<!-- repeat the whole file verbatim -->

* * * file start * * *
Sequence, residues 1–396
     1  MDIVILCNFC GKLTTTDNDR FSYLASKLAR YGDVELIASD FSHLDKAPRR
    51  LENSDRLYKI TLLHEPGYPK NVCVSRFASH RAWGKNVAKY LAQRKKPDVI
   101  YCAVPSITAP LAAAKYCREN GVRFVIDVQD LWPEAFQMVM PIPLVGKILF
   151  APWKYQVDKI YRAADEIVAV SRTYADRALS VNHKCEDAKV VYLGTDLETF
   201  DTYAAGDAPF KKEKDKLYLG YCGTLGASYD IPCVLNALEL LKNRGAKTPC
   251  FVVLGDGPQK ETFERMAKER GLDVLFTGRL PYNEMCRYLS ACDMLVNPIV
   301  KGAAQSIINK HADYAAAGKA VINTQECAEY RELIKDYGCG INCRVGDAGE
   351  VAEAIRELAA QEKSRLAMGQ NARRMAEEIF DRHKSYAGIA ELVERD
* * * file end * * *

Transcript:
Sequence, residues 1–396
     1  MDIVILCNFC GKLTTTDNDR FSYLASKLAR YGDVELIASD FSHLDKAPRR
    51  LENSDRLYKI TLLHEPGYPK NVCVSRFASH RAWGKNVAKY LAQRKKPDVI
   101  YCAVPSITAP LAAAKYCREN GVRFVIDVQD LWPEAFQMVM PIPLVGKILF
   151  APWKYQVDKI YRAADEIVAV SRTYADRALS VNHKCEDAKV VYLGTDLETF
   201  DTYAAGDAPF KKEKDKLYLG YCGTLGASYD IPCVLNALEL LKNRGAKTPC
   251  FVVLGDGPQK ETFERMAKER GLDVLFTGRL PYNEMCRYLS ACDMLVNPIV
   301  KGAAQSIINK HADYAAAGKA VINTQECAEY RELIKDYGCG INCRVGDAGE
   351  VAEAIRELAA QEKSRLAMGQ NARRMAEEIF DRHKSYAGIA ELVERD